Between 2007 and 2010, 41 countries and territories implemented tobacco control policies that will collectively result in 15 million fewer smokers and prevent nearly 7.5 million smoking-related deaths globally by 2050, according to a World Health Organization (WHO) study.

Cigarette, photo by Ferran Jorda on Flickr, Creative Commons licenseThese findings demonstrate the magnitude of the actions already taken by countries and underscore the potential for millions of additional lives to be saved with continued adoption of MPOWER policies. To assist countries with implementing Framework Convention on Tobacco Control (FCTC) obligations, in 2008 the WHO introduced the MPOWER package of evidence-based tobacco control measures. The MPOWER package includes: Monitoring tobacco use and tobacco control policies; Protecting people from the dangers of tobacco smoke; Offering help to quit tobacco; Warning the public about the dangers of tobacco; Enforcing bans on tobacco advertising, promotion and sponsorship; and Raising tobacco taxes. The goal of the MPOWER package is to reduce smoking-attributable deaths, which are projected to rise to 8.3 million annually by 2030.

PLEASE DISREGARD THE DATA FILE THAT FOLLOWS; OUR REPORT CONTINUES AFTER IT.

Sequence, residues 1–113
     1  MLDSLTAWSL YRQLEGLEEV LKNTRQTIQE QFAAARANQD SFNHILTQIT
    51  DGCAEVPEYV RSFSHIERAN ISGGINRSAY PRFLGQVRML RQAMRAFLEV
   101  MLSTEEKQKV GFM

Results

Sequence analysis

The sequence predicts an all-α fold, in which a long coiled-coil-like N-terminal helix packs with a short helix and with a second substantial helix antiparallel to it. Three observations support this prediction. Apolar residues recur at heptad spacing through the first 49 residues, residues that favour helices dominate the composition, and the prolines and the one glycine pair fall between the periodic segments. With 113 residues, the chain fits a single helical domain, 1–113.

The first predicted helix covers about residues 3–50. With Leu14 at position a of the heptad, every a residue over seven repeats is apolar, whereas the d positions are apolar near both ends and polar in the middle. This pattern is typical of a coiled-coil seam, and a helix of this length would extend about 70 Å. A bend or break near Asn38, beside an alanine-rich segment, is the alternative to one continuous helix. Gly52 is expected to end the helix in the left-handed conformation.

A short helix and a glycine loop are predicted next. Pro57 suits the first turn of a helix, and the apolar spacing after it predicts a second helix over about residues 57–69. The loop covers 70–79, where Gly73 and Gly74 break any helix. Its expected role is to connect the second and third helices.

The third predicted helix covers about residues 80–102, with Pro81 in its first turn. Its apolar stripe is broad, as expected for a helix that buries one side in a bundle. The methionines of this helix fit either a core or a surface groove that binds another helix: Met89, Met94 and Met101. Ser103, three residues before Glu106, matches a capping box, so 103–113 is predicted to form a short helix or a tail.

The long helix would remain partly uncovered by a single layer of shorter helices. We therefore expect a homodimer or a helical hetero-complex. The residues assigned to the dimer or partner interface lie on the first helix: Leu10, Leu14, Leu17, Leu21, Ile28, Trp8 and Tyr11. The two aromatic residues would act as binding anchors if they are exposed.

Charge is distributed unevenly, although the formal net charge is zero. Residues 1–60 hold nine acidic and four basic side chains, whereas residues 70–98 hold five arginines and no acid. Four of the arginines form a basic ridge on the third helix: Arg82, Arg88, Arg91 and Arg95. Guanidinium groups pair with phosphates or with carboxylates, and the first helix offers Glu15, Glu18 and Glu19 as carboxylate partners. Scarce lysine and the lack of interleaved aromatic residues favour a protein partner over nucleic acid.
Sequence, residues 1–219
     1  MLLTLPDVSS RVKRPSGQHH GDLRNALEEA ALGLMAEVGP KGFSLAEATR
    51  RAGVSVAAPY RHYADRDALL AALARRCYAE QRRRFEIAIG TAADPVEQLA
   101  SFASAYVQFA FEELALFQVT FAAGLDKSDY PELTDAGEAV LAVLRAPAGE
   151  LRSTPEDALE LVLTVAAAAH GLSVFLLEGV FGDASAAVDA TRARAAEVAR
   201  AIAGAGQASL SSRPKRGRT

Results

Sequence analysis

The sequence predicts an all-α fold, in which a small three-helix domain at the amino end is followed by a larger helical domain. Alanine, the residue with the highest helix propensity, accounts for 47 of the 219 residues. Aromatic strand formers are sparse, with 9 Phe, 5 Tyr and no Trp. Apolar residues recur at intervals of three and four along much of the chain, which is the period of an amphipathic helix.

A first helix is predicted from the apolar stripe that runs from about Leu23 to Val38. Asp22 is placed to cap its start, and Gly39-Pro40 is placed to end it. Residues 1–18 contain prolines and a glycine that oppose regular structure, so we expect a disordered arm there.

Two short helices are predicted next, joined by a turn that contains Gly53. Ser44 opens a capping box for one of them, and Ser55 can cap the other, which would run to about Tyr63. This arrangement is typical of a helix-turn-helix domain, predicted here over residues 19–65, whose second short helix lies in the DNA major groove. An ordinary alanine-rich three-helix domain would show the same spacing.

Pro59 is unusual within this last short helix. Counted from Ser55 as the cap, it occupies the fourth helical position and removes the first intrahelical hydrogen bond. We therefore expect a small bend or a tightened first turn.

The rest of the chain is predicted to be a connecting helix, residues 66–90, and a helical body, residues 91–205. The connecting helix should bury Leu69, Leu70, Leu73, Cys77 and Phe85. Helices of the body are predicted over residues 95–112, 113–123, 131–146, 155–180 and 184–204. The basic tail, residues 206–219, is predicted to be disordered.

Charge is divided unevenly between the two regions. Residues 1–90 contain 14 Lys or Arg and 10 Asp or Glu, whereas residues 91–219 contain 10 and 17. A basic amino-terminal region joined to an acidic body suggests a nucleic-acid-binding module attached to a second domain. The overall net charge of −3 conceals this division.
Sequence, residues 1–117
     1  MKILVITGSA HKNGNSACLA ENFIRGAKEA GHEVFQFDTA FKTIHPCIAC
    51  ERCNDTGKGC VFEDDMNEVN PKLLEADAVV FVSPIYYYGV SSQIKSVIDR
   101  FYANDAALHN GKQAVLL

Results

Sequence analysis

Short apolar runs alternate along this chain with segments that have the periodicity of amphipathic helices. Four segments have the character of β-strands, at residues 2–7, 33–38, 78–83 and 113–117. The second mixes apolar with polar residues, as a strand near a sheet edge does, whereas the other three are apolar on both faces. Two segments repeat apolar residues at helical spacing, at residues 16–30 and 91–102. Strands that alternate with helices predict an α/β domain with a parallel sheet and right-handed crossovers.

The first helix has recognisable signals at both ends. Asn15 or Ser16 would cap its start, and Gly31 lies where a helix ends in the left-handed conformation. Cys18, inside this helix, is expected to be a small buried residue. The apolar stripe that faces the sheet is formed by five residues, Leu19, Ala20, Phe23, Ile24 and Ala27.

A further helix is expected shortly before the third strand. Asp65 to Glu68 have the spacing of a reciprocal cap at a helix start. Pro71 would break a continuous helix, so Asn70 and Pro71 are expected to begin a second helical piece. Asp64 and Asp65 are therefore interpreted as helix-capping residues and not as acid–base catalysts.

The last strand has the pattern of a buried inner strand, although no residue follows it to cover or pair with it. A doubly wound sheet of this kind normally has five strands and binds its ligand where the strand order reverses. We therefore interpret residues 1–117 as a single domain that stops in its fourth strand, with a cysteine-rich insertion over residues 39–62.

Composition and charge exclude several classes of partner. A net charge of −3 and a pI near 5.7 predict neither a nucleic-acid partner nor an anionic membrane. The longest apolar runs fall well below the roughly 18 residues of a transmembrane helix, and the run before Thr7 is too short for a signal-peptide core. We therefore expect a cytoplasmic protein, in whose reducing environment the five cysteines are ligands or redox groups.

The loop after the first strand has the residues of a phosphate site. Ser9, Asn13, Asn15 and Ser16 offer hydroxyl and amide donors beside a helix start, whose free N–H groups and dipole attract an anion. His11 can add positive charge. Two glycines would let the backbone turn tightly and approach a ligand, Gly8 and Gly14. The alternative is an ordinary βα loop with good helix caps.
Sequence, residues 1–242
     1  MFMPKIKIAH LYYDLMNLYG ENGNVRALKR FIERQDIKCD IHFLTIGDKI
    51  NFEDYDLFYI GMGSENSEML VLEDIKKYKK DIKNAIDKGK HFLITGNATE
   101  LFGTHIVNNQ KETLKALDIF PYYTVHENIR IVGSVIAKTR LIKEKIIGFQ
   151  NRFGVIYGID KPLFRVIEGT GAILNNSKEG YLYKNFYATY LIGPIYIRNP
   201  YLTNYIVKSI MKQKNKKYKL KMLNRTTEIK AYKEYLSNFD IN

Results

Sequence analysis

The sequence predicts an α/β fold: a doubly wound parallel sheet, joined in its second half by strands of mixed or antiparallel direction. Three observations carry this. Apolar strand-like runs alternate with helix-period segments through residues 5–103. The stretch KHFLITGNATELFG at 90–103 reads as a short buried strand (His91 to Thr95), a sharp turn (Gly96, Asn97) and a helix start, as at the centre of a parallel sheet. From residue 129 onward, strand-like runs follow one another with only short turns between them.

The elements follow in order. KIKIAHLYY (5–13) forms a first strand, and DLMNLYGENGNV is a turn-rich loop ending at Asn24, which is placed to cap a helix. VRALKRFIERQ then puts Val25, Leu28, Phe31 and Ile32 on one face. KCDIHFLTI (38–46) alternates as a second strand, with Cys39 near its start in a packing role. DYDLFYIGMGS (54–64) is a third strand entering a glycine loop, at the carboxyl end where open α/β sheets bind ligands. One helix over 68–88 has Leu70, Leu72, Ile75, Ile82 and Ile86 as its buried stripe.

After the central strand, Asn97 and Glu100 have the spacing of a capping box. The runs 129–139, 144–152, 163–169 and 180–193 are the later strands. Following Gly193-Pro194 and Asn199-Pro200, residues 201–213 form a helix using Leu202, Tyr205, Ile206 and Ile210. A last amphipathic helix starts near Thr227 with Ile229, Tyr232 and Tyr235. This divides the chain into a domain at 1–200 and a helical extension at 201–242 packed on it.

The largest number of smoking-related deaths was averted as a result of increased cigarette taxes (3.5 million), smoke-free air laws (2.5 million), health warnings (700,000), cessation treatments (380,000), and bans on tobacco marketing (306,000).

“It is imperative that the public health community continue to advocate for MPOWER policies of the highest level,” the study concluded.

Citation:
1. Levy DT, Ellis JA, Mays D, Huang A-T. Smoking-related deaths averted due to three years of policy progress. Bulletin of the World Health Organization 2013; 91:509-518. (open access)

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